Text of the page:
A Regime Built To Last. In Tunisia and Libya, the political system crumbled as soon as its leader left the scene. This is not likely to happen in Ethiopia, according to Metho: "The individual is gone, but the system is there, the system that has been running the country for the last 20 years." He explains that Ethiopian exiles are hardly booking plane tickets to Addis Ababa. "It is premature to say if the country is hopeful or if there will be change."

Bruton of the Atlantic Council says that violence against democracy activists, such as the police crackdown that killed nearly 200 people after the country's rigged 2005 elections, is "a deliberate and longstanding policy, and I don't see anything to suggest that [the government] will suddenly have a change of heart." Right now, Deputy Prime Minister Hailemariam Desalegn is in charge of the country, with a powerful military, and the party's still-intact central committee lurking somewhere in the background.

Ethnic Instability. Zenawi ruled Ethiopia partly through empowering his own ethnic group -- the Tigaray -- while marginalizing other communities, such as the Ogaden and the Amhara, says Bruton. "The major ethnic groups feel they've been deprived of their legitimate participation in governance because of the Tigrayan dominance of the political and economic aspects of the country," she explains. In such a charged and uncertain atmosphere, she adds, an outbreak of violence or lawlessness could be possible. The country is already in a restive state. In July, members of Ethiopia's marginalized Muslim community held major demonstrations in Addis Ababa; many of the protests' leaders are currently in jail. "The country is vulnerable," says Metho, who then invoked two emblematic and vastly differing examples of political transition in modern Africa. "We hope that Ethiopia will not go the Rwanda way, but will go the South Africa way."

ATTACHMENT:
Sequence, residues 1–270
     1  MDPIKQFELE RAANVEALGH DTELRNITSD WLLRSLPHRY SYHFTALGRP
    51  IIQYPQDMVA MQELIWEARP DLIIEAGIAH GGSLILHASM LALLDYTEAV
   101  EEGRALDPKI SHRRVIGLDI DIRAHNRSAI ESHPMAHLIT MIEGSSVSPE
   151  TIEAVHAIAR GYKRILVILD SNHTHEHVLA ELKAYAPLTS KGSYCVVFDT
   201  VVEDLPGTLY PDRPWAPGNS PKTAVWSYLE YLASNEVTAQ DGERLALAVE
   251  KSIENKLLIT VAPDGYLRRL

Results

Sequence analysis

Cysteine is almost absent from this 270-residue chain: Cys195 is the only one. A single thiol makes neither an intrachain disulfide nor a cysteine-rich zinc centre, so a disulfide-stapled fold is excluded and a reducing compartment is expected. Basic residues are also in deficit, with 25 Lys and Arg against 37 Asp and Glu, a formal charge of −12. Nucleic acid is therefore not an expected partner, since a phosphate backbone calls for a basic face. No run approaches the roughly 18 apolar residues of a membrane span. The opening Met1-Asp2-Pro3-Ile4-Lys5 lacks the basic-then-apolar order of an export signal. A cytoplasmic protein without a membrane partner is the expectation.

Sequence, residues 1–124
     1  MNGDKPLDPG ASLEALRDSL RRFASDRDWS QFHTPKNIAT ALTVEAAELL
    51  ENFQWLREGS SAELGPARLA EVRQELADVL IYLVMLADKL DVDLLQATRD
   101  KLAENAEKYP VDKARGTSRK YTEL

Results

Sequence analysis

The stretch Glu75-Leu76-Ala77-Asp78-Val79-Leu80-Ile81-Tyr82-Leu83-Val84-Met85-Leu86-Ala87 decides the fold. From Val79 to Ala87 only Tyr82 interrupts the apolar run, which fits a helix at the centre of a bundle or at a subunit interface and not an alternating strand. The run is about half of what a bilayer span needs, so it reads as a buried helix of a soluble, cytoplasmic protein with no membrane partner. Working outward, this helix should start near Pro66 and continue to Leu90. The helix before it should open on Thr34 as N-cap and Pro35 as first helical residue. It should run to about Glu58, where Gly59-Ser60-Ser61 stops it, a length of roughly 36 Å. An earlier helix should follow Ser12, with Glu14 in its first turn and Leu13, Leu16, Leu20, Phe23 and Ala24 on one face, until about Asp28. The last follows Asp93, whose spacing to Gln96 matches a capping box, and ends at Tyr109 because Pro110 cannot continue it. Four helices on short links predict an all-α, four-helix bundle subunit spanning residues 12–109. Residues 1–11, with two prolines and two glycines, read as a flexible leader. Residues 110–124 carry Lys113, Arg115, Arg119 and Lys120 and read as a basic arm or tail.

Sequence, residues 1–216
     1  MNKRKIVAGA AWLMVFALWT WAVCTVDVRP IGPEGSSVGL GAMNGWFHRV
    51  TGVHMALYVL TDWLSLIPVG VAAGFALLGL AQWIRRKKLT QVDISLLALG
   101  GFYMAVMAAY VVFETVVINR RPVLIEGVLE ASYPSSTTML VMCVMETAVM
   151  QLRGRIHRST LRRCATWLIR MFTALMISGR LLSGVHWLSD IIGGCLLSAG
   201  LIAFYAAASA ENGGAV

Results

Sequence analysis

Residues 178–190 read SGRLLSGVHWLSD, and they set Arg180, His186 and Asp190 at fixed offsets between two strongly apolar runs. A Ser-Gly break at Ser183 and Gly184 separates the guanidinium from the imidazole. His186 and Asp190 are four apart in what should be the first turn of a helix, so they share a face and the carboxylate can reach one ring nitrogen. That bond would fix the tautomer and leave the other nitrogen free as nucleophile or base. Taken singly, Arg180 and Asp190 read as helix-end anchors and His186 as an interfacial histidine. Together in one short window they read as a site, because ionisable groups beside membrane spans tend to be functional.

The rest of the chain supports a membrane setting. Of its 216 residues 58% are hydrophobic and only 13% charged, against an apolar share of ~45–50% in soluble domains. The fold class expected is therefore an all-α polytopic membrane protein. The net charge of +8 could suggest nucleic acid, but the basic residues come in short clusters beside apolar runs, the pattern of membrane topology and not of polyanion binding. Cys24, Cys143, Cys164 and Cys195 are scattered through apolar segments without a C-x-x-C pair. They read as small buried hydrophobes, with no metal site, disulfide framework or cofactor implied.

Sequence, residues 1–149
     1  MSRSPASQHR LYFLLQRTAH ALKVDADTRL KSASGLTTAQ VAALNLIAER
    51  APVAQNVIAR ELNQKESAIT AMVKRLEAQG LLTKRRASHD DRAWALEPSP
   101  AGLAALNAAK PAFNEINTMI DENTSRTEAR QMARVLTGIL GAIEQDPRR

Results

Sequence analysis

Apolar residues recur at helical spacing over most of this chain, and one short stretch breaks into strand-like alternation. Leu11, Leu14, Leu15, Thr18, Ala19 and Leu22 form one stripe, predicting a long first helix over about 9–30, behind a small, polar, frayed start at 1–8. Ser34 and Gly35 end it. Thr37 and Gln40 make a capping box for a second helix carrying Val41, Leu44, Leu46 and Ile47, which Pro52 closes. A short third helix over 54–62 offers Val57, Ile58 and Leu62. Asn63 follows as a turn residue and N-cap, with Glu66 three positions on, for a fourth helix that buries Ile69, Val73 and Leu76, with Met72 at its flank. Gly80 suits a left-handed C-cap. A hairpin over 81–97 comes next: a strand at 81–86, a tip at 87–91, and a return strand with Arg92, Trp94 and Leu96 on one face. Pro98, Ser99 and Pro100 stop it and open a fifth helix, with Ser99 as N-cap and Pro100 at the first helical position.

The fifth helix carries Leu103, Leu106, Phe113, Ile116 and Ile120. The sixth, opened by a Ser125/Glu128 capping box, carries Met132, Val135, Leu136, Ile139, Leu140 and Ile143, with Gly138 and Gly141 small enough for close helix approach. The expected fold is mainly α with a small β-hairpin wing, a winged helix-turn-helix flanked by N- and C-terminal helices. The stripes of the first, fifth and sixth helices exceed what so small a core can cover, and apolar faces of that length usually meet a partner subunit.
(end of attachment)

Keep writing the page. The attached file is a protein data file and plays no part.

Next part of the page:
Richer Than Before, But Still Poor. Ethiopia's average yearly GDP growth between 2000 and 2010 was a China-like 8.8 percent. Much of this benefitted the broader population. As Helen Epstein reported in a 2010 article in the New York Review of Books, Zenawi oversaw the opening of 15,000 village health clinics and improved the country's road system. But Epstein still encountered widespread malnutrition, as well as ample evidence that the government was mishandling and even embezzling foreign aid. A much-cited Human Rights Watch report describes the government's ethnically motivated dissemination of services and aid, and Ethiopia currently ranks a dismal 174th on the Human Development Index.

Leadership in a Rough Neighborhood. Zenawi's death wasn't the week's only major political development in East Africa. Despite continuing violence, Somalia recently swore in its first national parliament since 1991, a sign that the war-torn country could finally be stabilizing. At the same time, Kenya -- whose military currently occupies parts of Somalia -- has a presidential election scheduled for 2013, a simultaneously promising and worrying development, given the violence that broke out after a controversial 2007 vote. With one the region's most powerful leaders out of the picture -- Zenawi asserted strong Ethiopian leadership in East Africa, sometimes with U.S. backing -- East Africa could look far different in a just a few years if someone else fills the void.

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Armin Rosen is a former writer and producer for The Atlantic's Global channel.